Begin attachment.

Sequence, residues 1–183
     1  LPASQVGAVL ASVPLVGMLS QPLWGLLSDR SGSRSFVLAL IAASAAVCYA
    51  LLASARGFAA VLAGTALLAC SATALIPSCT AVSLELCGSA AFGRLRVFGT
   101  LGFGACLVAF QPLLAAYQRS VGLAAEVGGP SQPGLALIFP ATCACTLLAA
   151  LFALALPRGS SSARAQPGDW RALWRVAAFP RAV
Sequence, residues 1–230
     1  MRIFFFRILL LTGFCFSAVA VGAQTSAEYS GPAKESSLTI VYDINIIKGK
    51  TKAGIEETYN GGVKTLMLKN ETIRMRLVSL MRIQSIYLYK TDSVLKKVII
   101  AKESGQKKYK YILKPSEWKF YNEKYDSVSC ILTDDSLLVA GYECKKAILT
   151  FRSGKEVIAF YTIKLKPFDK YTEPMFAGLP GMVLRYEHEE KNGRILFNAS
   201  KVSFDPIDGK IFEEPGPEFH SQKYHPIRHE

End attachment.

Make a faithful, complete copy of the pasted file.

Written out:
Sequence, residues 1–183
     1  LPASQVGAVL ASVPLVGMLS QPLWGLLSDR SGSRSFVLAL IAASAAVCYA
    51  LLASARGFAA VLAGTALLAC SATALIPSCT AVSLELCGSA AFGRLRVFGT
   101  LGFGACLVAF QPLLAAYQRS VGLAAEVGGP SQPGLALIFP ATCACTLLAA
   151  LFALALPRGS SSARAQPGDW RALWRVAAFP RAV
Sequence, residues 1–230
     1  MRIFFFRILL LTGFCFSAVA VGAQTSAEYS GPAKESSLTI VYDINIIKGK
    51  TKAGIEETYN GGVKTLMLKN ETIRMRLVSL MRIQSIYLYK TDSVLKKVII
   101  AKESGQKKYK YILKPSEWKF YNEKYDSVSC ILTDDSLLVA GYECKKAILT
   151  FRSGKEVIAF YTIKLKPFDK YTEPMFAGLP GMVLRYEHEE KNGRILFNAS
   201  KVSFDPIDGK IFEEPGPEFH SQKYHPIRHE